Promise slunk over and laid his head on her knees, as if to say, “I miss him too.” Opal rubbed his head. “Don’t worry about Gino, Opal. Someone is watching him, just like He’s watching us.” Caro said, looking out towards the rest of the camp. “But what do we tell the others?”
“To be perfectly honest, Prince Caro, most of them had no idea of Gino’s real job here. In fact, a few of them wondered why he was here at all. We don’t need a mapmaker, we have some professional scouts now, and Gino couldn’t fight or lead.” Davis explained. Caro nodded.
“Why bring a shepherd? Why not a soldier? I don’t know why The Creator chose, or why he chose us. But there has to be a reason. We’ll continue on. I think you’re right, Davis. It’s getting too dangerous for the girls. We should send them on. Well, if Rora is willing.”
Rora was willing, and the plans were made. They needed a good time to enter the city, and it hadn’t come yer. But they were impatient to begin. The faster they got there, the faster they took out Nya. Davis, Caro, and Opal had another reason: the faster they stopped Nya, the sooner they found Gino.
Opal seemed reluctant. Though she never said anything, something was bothering her. She shook her head, as if to clear it, but the doubt remained. Caro noticed. “Are you frightened?” He asked one day, almost right before their departure.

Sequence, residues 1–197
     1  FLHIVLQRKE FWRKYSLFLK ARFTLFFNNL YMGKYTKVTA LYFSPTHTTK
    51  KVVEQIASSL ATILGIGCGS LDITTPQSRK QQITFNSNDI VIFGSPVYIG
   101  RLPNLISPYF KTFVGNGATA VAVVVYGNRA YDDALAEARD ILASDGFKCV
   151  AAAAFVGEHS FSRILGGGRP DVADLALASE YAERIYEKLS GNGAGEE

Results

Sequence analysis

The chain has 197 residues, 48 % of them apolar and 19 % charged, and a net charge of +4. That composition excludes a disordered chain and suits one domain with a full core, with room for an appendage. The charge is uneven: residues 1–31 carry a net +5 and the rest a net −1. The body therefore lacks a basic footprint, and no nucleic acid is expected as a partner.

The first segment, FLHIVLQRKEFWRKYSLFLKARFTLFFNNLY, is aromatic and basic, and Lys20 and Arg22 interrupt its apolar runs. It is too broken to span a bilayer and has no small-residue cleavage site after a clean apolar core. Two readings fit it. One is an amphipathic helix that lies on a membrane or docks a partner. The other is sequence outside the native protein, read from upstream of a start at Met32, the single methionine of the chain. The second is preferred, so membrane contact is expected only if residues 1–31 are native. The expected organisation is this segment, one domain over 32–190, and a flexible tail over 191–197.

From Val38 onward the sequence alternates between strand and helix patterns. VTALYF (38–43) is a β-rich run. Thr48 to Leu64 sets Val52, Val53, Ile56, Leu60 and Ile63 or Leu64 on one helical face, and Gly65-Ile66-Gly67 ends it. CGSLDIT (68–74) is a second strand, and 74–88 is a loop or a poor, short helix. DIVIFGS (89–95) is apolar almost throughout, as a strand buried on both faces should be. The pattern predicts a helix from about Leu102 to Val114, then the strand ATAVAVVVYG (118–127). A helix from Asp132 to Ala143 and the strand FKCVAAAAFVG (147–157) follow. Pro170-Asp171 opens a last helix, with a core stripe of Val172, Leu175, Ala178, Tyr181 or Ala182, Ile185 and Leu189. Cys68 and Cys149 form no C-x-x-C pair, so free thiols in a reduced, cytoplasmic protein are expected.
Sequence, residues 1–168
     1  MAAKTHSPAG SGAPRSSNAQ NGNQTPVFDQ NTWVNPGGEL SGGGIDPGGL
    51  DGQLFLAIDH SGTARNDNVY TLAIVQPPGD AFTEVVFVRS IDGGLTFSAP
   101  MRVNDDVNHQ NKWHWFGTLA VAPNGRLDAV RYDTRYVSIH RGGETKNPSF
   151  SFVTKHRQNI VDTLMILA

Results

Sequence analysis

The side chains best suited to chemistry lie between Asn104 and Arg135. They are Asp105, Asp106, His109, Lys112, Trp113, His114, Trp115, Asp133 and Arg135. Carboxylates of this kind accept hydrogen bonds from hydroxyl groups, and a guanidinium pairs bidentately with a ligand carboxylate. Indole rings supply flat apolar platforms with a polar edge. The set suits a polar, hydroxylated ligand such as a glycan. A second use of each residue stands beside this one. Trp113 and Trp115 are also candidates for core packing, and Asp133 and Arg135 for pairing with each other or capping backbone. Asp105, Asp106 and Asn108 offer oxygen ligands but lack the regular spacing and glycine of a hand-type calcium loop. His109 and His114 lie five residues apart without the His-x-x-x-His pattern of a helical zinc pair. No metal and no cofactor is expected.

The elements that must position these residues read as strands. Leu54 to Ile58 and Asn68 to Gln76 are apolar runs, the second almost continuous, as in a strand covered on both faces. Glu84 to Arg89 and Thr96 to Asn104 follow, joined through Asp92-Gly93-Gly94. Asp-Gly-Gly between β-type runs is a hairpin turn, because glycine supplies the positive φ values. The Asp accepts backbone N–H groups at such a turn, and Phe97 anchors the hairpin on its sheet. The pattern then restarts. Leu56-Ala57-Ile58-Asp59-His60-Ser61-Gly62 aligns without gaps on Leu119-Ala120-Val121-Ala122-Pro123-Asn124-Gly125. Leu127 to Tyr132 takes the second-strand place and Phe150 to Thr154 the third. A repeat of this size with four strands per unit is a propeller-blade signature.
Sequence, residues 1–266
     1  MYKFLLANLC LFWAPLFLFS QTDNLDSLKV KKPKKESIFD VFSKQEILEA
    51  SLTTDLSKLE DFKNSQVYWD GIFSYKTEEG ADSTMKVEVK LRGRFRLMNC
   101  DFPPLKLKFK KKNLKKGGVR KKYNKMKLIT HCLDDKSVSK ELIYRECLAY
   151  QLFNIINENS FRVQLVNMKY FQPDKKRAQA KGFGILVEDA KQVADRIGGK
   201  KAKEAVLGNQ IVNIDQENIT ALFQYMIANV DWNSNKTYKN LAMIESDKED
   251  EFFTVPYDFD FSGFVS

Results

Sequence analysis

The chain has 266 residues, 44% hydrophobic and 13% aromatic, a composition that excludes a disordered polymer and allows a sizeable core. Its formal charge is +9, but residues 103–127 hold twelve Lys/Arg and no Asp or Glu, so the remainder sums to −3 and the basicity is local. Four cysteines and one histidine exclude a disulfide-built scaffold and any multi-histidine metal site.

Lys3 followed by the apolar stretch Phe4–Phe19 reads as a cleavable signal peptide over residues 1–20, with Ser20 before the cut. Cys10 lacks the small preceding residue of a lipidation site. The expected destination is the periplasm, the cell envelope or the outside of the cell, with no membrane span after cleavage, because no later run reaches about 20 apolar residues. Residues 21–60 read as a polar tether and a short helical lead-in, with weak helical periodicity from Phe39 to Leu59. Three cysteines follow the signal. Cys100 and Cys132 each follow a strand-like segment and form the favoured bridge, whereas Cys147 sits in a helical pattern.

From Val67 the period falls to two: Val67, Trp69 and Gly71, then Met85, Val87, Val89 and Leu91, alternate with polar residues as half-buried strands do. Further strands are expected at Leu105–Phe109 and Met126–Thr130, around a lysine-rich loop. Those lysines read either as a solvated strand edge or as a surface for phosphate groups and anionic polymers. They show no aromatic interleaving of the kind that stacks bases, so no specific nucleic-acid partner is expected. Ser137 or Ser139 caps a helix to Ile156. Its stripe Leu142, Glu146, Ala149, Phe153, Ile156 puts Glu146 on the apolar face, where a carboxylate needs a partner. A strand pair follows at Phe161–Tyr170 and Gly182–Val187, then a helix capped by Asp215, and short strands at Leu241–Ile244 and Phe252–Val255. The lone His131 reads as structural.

Opal’s eyes turned blank. “No.” She said softly. “I’m not frightened. I’m just…worried. Those of my order were powerful, and I am young. I have no training, and no sight. How, if I were to face Nya, and she resisted, would I fare?”
“But what about the words of promise?” Caro asked. Opal tilted her head. “There is that, yes. If I can speak in her presence, I will say that. But it will be difficult. And heartbreaking.” She covered her face with her hands. Caro had been thinking of her statement. “Your order? What does that mean?”
Opal laughed, in spite of herself. “Did no one tell you of the schools of the prophets? My order is the Iya. My mother, in fact, was of the priestly line. Her father was furious when she married mine, a peasant. She named me Iya, after the order I was born into. My father called me Opal.”
“Nya is also an Iya. Strangely enough, her name was once Iya as well, but she changed it, as you know. The other Iya are gone. I can’t help but wonder if Nya had something to do with that, and that my father changed my name to protect me. Dear Father! I miss him. But I worry. Nya’s power is stronger than mine. Much stronger, like a child compared to a giant!”
“A child slew the giant, when the Creator was with him.” Caro mused. “I don’t think you should worry about that. He is with you. He has left her.” Opal sighed. “But did that weaken her, or make her stronger?” She worried.
The next day, the two girls set out. “It’s better this way.” Caro assured Opal. She looked at him in that strange way that made him feel like she could see right into him. She smiled sadly. “Until we meet again?” She said timidly, holding out her hand. “We’ll be there soon.” Caro said again. Opal shook her head, and turned to Rora. “I’m ready. Let’s go.”